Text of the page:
Making the Move to Electric Utility Vehicles

Transition costs, power capacity and infrastructure are among factors managers need to consider when transitioning from gas machines.

By Dan Mabe, Contributing Writer  
OTHER PARTS OF THIS ARTICLEPt. 1: This PagePt. 2: Myths and Misconceptions Surrounding Electric Utility Vehicles

On the surface, the process of transitioning gasoline-powered fleets to electric utility vehicles (EUV) fleet seems straightforward: Replace the current gas models with new electric versions. 

Of course, the decision is much more complex.  

Managers can choose from among several EUVs ranging from $15,000 to $35,000 per vehicle. Models include golf cart-style units to rugged all-terrain vehicles. Several factors that grounds managers at institutional and commercial facilities should consider to make a successful transition include noise and emission benefits, battery choices, gas vs. electric power myths and misconceptions, electrical infrastructure and budgeting to make the conversion.

Transition process 

Managers must do their research and homework before initiating a transition. Meaningful planning will save time and money down the road. Consider four steps to help make the decision. 

  • Managers should understand the way equipment operators and mechanics feel about the transition. Are they open-minded, dead set in their ways or somewhere in between? Do they understand the rationale for the transition? What are their objections or perceived challenges to the transition? Understanding these responses will indicate what managers need in order to garner their support and smooth the transition. This step is where workforce training from the dealer and manufacturer can be most valuable, especially if workers are not enthusiastic about making the switch. 
  • Make sure the workforce is properly trained to safely operate, store and charge EUVs, which differ greatly from conventional gas models. Reputable dealers and manufacturers should supply comprehensive training on their products to ensure safety and long-term success. 
  • Understand the facility’s terrain to assess EUV workload feasibility. This step should take into account the size, layout and distances needed to cover all the work areas on the property. Does the campus include numerous slopes and hills, or is the terrain relatively flat? How much weight will the EUVs be hauling? All these considerations affect the working time of the EUV and need to be factored into product selection. 
  • Examine which manufacturer, make and model best meets workload and property needs. Following this process will help make informed product choices essential to a successful transition. 

Noise and emissions 

Why consider transitioning from gas to battery electric EUVs? The benefits are many. Among them are noise, carbon dioxide, ground level ozone and fine-particulate emission reductions. Noise is reduced by as much as 70 percent, depending on the gas model replaced. A quieter environment will benefit the health and well-being of workers, wildlife and communities.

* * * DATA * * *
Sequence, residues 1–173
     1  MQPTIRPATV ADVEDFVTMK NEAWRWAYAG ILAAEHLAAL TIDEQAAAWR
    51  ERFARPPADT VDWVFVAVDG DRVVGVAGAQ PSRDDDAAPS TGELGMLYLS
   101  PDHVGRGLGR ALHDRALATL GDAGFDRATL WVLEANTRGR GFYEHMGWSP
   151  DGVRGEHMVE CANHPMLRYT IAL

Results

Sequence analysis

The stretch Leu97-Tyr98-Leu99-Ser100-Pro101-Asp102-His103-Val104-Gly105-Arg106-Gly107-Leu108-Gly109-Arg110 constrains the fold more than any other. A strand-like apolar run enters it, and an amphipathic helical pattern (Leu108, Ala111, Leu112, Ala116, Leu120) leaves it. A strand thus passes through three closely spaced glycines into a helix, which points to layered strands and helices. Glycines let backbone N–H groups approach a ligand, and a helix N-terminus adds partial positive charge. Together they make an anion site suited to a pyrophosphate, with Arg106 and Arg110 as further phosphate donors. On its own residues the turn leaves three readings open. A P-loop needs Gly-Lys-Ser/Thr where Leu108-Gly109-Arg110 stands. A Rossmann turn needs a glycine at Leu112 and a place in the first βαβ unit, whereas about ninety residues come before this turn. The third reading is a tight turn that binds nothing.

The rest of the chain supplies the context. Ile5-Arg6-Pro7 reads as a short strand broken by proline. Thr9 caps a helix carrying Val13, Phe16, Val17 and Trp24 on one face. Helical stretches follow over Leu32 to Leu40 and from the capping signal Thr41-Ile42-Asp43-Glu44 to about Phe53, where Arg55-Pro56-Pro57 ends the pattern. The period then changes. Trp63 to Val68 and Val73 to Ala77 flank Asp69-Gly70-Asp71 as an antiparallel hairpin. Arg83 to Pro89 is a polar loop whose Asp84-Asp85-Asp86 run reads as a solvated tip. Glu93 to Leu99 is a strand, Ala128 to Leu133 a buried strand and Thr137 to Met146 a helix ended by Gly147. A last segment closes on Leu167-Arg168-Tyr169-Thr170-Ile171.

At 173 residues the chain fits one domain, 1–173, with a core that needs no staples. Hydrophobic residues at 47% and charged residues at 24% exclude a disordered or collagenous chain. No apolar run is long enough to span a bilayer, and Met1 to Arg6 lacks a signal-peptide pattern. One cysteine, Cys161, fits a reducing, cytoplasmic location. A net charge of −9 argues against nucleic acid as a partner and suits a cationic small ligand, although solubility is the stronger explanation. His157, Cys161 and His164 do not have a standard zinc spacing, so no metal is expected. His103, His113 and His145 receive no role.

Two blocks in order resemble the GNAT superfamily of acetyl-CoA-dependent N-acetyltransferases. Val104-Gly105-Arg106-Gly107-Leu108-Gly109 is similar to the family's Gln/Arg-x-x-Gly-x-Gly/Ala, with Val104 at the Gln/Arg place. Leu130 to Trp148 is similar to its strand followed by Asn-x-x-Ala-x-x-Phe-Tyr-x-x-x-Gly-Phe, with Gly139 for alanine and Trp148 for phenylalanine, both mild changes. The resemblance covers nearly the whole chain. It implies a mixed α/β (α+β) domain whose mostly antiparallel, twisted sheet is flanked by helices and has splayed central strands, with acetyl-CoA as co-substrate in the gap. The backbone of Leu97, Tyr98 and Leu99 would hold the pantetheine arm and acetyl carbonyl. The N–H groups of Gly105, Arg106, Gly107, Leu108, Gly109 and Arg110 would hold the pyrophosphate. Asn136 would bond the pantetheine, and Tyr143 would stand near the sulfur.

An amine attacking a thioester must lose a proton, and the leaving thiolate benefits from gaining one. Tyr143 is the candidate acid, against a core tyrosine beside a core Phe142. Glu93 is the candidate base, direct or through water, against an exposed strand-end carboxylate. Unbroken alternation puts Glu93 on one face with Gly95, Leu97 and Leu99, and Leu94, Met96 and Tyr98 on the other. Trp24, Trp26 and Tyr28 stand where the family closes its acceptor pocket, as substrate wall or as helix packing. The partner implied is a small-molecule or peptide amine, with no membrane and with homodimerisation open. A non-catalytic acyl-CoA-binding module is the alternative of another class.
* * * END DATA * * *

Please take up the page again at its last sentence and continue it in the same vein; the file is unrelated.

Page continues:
EUVs produce zero emissions at the point of operation. Even if the electricity used to charge the batteries is supplied by fossil fuel sources, EUVs are a much lower-polluting alternative. If the electricity comes from renewable energy sources, most emissions are eliminated apart from the footprint related to manufacturing and building power plants. 

The New England Botanic Garden at Tower Hill recently became the first American Green Zone Alliance (AGZA) Certified Green Zone botanic garden in the nation. As part of this effort, the garden is converting its utility vehicle fleet from gas utility vehicles to EUVs. The garden will reduce its carbon footprint by more than 40 tons each year, equivalent to taking eight cars off the road or planting nearly 1,700 trees. The data is verified and substantiated by Environmental Landscape Footprint (ELF), software that measures impacts of outdoor vehicle and landscape maintenance activities. 

Dan Mabe is the founder and president of the American Green Zone Alliance (AGZA), www.agza.net, and has experience in grounds maintenance operations. AGZA hosts the first certification organization to train and certify professionals in advanced electric technologies and certify battery electric equipment in real world maintenance settings. Visit sustainablelandcare.org for information on online electric workforce training certificate courses.  

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Making the Move to Electric Utility Vehicles

Myths and Misconceptions Surrounding Electric Utility Vehicles

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  posted on 2/2/2023   Article Use Policy

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